Amanda Knox acquitted of murder by Italy's top court

By Massimiliano Di Giorgio and Eric M. Johnson

ROME/SEATTLE (Reuters) - Italy's top court on Friday annulled the conviction of American Amanda Knox for the 2007 murder of her British flatmate and fully acquitted her in a surprise verdict capping nearly a decade of courtroom drama.

The brutal stabbing of 21-year-old Meredith Kercher, alleged sex games and multiple trials provided fodder for tabloids on both sides of the Atlantic and inspired books and films.

"I am tremendously relieved and grateful for the decision of the Supreme Court of Italy," Knox, 27, said in a statement provided by her U.S.-based attorney.

The Court of Cassation threw out the second guilty verdict against Knox and her Italian former boyfriend Raffaele Sollecito, 31, for the murder, saying there was insufficient evidence to convict either of them.

South London-born Kercher was found stabbed to death in a house she shared with Knox in the medieval hill town of Perugia in 2007. Rudy Guede, originally from the Ivory Coast, is serving a 16-year sentence for the crime, but judges in the previous trials ruled he did not act alone.

It had been widely expected that, even if the court overturned the previous convictions, it would order a retrial. Instead, both Knox and Sollecito are now definitively cleared.

"The knowledge of my innocence has given me strength in the darkest times of this ordeal," Knox said, adding thanks to supporters whose "kindness has sustained me."

Knox and Sollecito, who faced some 28 years and 24 years in jail, respectively, have both already served four years in jail after an original conviction in 2009.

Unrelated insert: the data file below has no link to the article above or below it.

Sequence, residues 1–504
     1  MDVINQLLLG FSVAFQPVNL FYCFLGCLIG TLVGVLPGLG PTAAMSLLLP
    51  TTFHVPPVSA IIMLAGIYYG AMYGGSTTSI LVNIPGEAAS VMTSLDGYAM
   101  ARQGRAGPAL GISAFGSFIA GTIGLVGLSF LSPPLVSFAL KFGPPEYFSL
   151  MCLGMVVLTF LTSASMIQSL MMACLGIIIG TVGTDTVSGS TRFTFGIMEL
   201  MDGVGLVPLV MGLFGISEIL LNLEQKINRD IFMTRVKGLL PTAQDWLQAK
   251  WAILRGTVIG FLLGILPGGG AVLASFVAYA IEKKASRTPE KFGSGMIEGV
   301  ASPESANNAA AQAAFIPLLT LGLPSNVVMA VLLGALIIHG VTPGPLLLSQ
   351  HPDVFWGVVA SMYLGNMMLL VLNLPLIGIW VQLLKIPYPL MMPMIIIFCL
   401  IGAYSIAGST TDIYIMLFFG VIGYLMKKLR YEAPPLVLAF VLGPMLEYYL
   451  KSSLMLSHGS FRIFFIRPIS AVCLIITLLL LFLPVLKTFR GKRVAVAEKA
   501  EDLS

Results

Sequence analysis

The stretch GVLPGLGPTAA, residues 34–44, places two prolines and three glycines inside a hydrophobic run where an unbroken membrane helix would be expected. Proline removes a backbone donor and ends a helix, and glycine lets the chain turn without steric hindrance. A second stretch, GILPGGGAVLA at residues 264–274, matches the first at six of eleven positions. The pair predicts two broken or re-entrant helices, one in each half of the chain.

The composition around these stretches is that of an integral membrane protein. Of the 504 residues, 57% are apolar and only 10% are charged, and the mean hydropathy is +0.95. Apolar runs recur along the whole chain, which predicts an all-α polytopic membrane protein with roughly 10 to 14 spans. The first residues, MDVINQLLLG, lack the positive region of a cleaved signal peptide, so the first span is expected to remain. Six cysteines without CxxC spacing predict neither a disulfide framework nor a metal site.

The roundabout acquittals almost eight years after the murder are sure to stoke further controversy and questions about the Italian justice system, which has now twice overturned guilty verdicts in the case.

"We shouldn't have had to wait all these years, but we have a good decision today, so we are happy," Knox's Italian defence lawyer Carlo Dalla Vedova said in Rome. He added that when he called Knox in Seattle to tell her the news she was "crying with happiness."

Francesco Maresca, a lawyer for the Kercher family, expressed very different sentiments.

"This is not so much a defeat for the prosecution as a defeat for Italy's justice system," he said outside the courtroom. "The judges said there is a lack of proof and whoever acted with Guede has not been found."

If the conviction against Knox had been upheld it would probably have sparked a complicated legal bid by Italian authorities to try to have her extradited.

Knox, who returned to Seattle in 2011, and Sollecito have maintained their innocence throughout but Knox's lawyer Luciano Ghirga said before the verdict on Friday that his client was "very, very worried."

Following the 2011 acquittal, the Court of Cassation ordered a new trial. A Florence court convicted them again, saying the murder had been the result of a domestic argument, squashing the previous theory that it happened when a sex game went wrong.

In Friday's verdict, a previous three-year jail sentence given to Knox for falsely accusing Congolese barman Patrick Lumumba of the murder was confirmed. But as Knox has already served four years in prison this has no practical consequences for her.

Cries of jubilation could be heard from Knox's mother's house in Seattle where family had gathered to await the verdict. After the verdict was handed down, people could be seen rushing outside into the backyard with phones pressed to their ears, and later neighbours showed up with food and drinks.

Bill Knox, her grandfather, said by phone he was "relieved and ecstatic" that Knox could finally move on with her life in Seattle, where she has worked as a journalist at a local newspaper and is engaged to a rock musician who she has known since childhood.

"It's been a long time coming. I just want for her to be happy," Bill Knox said. "She is an exciting granddaughter."

(Reporting by Massimiliano Di Giorgio; Additional reporting by Isla Binnie and Gabriele Pileri in Rome; Writing by Gavin Jones; Editing by Kevin Liffey and Lisa Shumaker)